A novel approach to treating presbyopia could also allow patients to change eye colour. The inventor of the new technique, Francis Ferrari MD, France, described the preliminary work in a recent issue of the Journal Français d’Ophtalmologie (J Fr Ophtalmol.,36(6):481-7.)
“You may create a small or a large ring in the cornea. Creating a small ring is a new refractive technique for treating presbyopia. It is like a Kamra, but without a Kamra,” Dr Ferrari, Expert Vision Center, Strasbourg, France, told EuroTimes. You may also create a large ring to change the eye colour (this last procedure will not treat presbyopia).
The presbyopia treatment, dubbed PresbyRing®, (US Patent Application No. 14/051,622), involves creating an intrastromal ring centred on the visual axis with a femtosecond laser. Then a black or coloured pigment is injected into the ring. The internal diameter of the ring is designed to create a pinhole and improve the near and intermediate vision of the nondominant eye while only slightly altering the distance vision of that eye, he explained. The initial in vitro research involved five pig eyes in a post-mortem feasibility study. The eyes were treated with the Intra Corneal Ring program of the Visumax® laser, and then injected with the BioChromaEyes® dye. Subsequent spectral domain OCT examinations showed complete opacity of the dye. Histological analysis showed a continuous pigmented layer located along the incision, which did not diffuse in the adjacent stroma.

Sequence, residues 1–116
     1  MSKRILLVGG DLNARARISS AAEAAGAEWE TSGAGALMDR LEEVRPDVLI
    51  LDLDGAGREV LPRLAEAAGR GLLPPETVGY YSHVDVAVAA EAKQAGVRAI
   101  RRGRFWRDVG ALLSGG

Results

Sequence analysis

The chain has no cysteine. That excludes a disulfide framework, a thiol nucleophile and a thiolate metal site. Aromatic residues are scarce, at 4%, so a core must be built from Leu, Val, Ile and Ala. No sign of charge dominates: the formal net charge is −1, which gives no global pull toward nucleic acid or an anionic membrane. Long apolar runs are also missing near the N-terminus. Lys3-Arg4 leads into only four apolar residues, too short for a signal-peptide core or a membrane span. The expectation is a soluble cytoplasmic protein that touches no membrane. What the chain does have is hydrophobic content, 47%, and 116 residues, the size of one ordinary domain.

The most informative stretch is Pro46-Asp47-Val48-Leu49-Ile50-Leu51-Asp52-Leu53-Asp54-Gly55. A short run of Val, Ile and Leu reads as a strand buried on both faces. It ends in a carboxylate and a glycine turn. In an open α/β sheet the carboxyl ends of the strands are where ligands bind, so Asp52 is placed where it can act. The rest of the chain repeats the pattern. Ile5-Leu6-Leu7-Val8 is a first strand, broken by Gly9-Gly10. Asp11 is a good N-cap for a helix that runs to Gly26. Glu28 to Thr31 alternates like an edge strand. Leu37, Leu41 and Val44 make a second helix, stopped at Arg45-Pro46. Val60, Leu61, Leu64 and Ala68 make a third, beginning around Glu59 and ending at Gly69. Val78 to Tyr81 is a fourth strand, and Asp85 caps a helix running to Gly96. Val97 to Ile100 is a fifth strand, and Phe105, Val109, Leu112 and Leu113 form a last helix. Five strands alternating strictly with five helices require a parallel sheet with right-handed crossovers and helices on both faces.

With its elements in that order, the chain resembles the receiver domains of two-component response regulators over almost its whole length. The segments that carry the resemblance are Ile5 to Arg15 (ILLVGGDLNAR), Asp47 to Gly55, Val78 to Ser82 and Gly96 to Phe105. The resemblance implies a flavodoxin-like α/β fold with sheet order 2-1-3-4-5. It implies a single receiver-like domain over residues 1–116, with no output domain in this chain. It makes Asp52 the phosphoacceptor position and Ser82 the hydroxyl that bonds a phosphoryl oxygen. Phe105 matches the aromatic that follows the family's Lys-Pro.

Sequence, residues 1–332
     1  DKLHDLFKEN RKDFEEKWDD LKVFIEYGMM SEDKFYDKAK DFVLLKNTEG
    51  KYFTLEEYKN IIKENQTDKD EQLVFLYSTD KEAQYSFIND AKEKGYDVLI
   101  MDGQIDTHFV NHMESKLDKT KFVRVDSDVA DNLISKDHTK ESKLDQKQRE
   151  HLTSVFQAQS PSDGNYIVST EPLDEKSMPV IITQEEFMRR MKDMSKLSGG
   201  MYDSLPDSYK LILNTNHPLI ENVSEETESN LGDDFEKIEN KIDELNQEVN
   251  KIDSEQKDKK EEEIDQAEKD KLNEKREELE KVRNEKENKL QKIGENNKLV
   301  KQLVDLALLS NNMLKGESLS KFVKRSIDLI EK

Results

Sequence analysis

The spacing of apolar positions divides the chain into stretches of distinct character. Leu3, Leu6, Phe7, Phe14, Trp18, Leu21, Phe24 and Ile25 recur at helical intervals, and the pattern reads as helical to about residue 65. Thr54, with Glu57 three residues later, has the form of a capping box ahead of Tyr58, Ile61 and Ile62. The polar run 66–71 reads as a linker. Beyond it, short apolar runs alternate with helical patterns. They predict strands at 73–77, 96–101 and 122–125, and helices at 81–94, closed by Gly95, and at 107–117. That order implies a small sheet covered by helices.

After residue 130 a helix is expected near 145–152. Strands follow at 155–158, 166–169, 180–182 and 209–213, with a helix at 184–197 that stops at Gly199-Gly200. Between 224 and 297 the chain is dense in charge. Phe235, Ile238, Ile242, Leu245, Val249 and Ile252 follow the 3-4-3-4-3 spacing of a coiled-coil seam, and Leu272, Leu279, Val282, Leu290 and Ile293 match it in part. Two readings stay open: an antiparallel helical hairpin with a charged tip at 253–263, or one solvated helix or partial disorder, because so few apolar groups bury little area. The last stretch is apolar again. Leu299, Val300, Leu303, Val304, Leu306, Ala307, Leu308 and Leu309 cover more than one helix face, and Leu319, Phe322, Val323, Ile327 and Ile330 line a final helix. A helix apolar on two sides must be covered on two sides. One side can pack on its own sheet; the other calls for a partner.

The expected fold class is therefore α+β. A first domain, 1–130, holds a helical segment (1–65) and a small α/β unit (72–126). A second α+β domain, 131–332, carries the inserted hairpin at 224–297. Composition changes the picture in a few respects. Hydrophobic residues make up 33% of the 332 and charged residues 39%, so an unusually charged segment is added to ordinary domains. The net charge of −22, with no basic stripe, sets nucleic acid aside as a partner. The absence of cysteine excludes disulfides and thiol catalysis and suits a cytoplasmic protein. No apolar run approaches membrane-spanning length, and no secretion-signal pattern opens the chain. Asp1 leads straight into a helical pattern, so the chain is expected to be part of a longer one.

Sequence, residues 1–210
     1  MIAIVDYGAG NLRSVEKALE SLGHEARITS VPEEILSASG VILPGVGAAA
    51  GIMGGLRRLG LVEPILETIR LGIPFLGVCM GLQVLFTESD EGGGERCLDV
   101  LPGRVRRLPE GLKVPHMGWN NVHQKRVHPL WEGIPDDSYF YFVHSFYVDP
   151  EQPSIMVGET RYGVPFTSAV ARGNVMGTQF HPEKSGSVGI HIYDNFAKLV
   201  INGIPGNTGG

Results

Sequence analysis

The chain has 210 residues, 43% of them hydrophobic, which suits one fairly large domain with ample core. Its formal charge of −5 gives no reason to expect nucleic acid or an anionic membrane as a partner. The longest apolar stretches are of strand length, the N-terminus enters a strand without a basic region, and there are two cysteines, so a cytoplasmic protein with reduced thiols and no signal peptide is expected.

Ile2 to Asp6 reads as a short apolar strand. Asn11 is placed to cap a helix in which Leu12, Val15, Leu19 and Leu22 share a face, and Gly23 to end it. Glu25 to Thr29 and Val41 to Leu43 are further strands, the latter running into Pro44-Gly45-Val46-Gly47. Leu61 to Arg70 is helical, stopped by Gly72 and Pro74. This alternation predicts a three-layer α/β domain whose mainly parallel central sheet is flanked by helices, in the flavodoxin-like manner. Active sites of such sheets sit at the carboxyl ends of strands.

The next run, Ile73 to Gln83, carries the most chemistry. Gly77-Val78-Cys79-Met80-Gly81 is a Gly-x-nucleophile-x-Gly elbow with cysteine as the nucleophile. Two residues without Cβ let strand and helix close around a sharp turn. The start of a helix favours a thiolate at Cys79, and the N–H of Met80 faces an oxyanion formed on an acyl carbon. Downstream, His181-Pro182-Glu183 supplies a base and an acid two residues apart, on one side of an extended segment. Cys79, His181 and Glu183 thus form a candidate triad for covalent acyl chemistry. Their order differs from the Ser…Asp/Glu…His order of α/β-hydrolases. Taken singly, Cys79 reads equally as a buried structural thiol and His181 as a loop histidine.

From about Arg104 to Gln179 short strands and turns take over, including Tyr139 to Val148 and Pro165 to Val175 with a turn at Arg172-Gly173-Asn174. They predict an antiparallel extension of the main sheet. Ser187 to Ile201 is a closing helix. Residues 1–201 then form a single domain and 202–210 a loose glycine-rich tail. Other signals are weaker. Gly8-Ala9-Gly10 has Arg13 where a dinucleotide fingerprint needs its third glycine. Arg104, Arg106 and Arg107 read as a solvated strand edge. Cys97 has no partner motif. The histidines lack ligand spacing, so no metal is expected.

“To our knowledge, this study represents the first experimental attempt to combine two ideas which did not appear to have anything in common: the creation of an intracorneal pinhole to treat presbyopia, and corneal tattooing,” he wrote in the journal article.
The surgery in order to change eye colour, dubbed aesthetic annular keratopigmentation, (US Patent Application No. 14/051,622) involves creating a large intrastromal ring located close to the limbus. Then a coloured pigment is injected into the ring. Dr Ferrari has performed the surgery on one patient, a 49-year-old female. She was treated in both eyes under topical anaesthesia. The procedure took 30 minutes for both eyes. He injected the dye at 150μ depth; with a 9.3mm external diameter and 6.8mm internal diameter.
Preoperative and postoperative visual acuities were 20/20. The patient did not complain of glare or halo following the treatment. Dr Ferrari had conducted a test treatment earlier to confirm that the patient would tolerate the dye. He injected the dye in one eye in ¼ of a ring located in a superior location.
The dye, BioChromaEyes®, (BIOTIC Phocea) is approved in the EU for human corneal use. It is essentially used for cutaneous chromatic repair, eg, tattooing a pathological area of skin or to mask a scar. The dye, which comes in a wide range of colours, has been used in the past to treat iris pathology.
“If I need to reverse the procedure, I could put the original colour on the top of the changed colour. For example, for a patient with brown eyes, I would put a green colour 180μ deep. If she decided she didn’t like the new colour, I could put a brown colour at 150μ deep,” he explained. “In the first patient on whom I’ve performed the surgery, I used a green pigment. The patient is very happy with the result,” he added. Additional safety and efficacy studies are still required, he emphasized.